A year ago Clarkson toured opposing rinks like rock stars of the women’s hockey world.
They were the defending national champions and the first and only team from the East to win a Frozen Four title in the 14 year history of the tournament.
Then they lost in the quarterfinals of the NCAA Tournament.
“We had a target on our back,” junior forward Cayley Mercer said. “This year it was kind of nice just going about our business and getting better as a team.”
Much has changed for Mercer and the Golden Knights since their 2014 championship run.
For Mercer, then a self-proclaimed bit-playing freshman on the third line, she has evolved into the team’s leading scorer with 24 goals and 25 assists, 11th best in the country.
For Clarkson, nine players from the championship team return to the Frozen Four this weekend to play 39-0 Boston College for the third consecutive season in the NCAA Tournament.
Call it a rubber match.
Clarkson ousted BC during its title run and Boston beat them in the quarterfinals last season.
The other semifinal pits No. 2 Wisconsin against No. 3 Minnesota. It will be the sixth meeting between the WCHA powerhouses who have combined to win nine of the first 15 Frozen Four titles.
Wisconsin leads the season series, 3-2, but Minnesota has won three of the past four national titles and five overall. Wisconsin has won it four times.
“I bet those two teams can’t wait to get after it again just like us,” Mercer said. “We’re excited about matching up with BC, not intimidated. They’re very good and they’ve got some of most talented offensive players in the country that we need to shut down. I’m glad we’re getting a crack at them. We want to see how they react to a team who puts them on their heels.”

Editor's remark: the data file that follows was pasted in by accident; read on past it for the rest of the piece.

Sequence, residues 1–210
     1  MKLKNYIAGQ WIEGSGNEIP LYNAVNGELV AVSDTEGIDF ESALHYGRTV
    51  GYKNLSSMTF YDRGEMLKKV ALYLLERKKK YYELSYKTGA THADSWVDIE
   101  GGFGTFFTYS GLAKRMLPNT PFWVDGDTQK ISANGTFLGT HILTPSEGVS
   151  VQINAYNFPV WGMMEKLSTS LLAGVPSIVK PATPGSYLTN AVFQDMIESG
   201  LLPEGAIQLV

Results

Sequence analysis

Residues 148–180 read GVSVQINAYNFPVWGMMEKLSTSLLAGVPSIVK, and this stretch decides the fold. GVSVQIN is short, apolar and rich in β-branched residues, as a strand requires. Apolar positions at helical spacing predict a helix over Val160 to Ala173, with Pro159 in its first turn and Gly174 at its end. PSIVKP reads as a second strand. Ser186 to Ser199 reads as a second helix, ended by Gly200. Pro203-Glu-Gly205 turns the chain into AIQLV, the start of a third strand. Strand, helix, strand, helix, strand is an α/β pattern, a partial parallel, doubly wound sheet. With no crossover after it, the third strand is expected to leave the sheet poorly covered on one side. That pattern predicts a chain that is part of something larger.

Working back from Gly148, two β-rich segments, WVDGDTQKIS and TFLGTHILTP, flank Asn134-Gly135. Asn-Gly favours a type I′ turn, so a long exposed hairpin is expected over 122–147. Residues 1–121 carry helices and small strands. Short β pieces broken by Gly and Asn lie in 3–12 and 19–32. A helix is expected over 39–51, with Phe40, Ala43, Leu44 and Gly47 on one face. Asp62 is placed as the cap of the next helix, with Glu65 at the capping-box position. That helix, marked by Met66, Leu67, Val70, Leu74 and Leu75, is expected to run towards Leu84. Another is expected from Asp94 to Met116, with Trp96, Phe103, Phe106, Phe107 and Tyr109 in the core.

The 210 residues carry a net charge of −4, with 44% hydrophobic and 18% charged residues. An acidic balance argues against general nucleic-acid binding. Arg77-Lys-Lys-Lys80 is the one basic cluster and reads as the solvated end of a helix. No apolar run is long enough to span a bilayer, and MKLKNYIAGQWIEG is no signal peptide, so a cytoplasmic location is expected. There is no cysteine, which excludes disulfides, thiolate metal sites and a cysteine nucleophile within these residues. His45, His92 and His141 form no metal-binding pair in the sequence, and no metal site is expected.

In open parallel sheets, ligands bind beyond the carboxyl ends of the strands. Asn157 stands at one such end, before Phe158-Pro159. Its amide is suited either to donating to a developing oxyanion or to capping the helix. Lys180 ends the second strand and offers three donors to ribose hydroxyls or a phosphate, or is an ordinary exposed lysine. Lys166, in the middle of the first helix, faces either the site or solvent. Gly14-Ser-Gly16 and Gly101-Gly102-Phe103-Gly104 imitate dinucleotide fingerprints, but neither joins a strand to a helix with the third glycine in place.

BC is led by Alex Carpenter, the nation’s leading scorer with 43 goals and 42 assists, along with Haley Skarupa (33 goals, 44 assists, third in the nation) and defenseman Megan Keller (12 goals, 38 assist, 10th).
The final two games in their quest for a perfect season will be the Eagles’ toughest.
For starters, BC has to get past a confident Clarkson team with a strong mix of players from the 2014 championship team and an influx of six talented freshmen.
Clarkson is a big, physical team that gets to the net. It outshot its opponents 1,453 to 732 and outscored them, 138-51.
Mercer would love a quick start like they had in the quarterfinals against fourth-ranked Quinnipiac, which won the ECAC regular season and conference tournament titles. Last week, ASN Women’s Hockey Player of the Week Renata Fast set an NCAA Tournament record by scoring 10 seconds into the first period.
The goal held up for the remaining 59:50 to vault Clarkson back into the Frozen Four and raise Clarkson’s record to 21-1-2 when scoring first. It was Clarkson’s first win over Quinnipiac in the past seven meetings.
Clarkson is also 24-0-2 when leading after two periods.
“I think going out and getting the first goal and skating stride for stride with them will be a key,” Mercer said. “They haven’t had to play from behind too often. We need to attack with our size and our strength. Clarkson has always been known as a defense-first team.”
Shutting down Boston College will not be easy. The Eagles have outscored opponents 209-46, have been pushed to overtime only once and have posted 14 shutouts.
And then there’s Minnesota and Wisconsin.
The Badgers have won their last five games by shutout, and goalie Anne-Renee Desbiens has posted 21 of the team’s 23 shutouts on the season. She also has a .962 save percentage and and .71 goals-against average.
The Gophers’ lone loss in the past 19 games was 1-0 to Wisconsin in the WCHA title game, but the late-season return of former Patty Kazmaier Award winner Amanda Kessel from concussion, along with the high-octane duo Hannah Brandt (25 goals, 37 assists) and Dani Cameranesi (33 goals, 35 assists, make Minnesota a team to watch.
Three teams in this weekend’s tournament have combined to win 10 of 15 national titles.
The fourth is two wins away from their first title and chasing perfection.
Couldn’t get any better.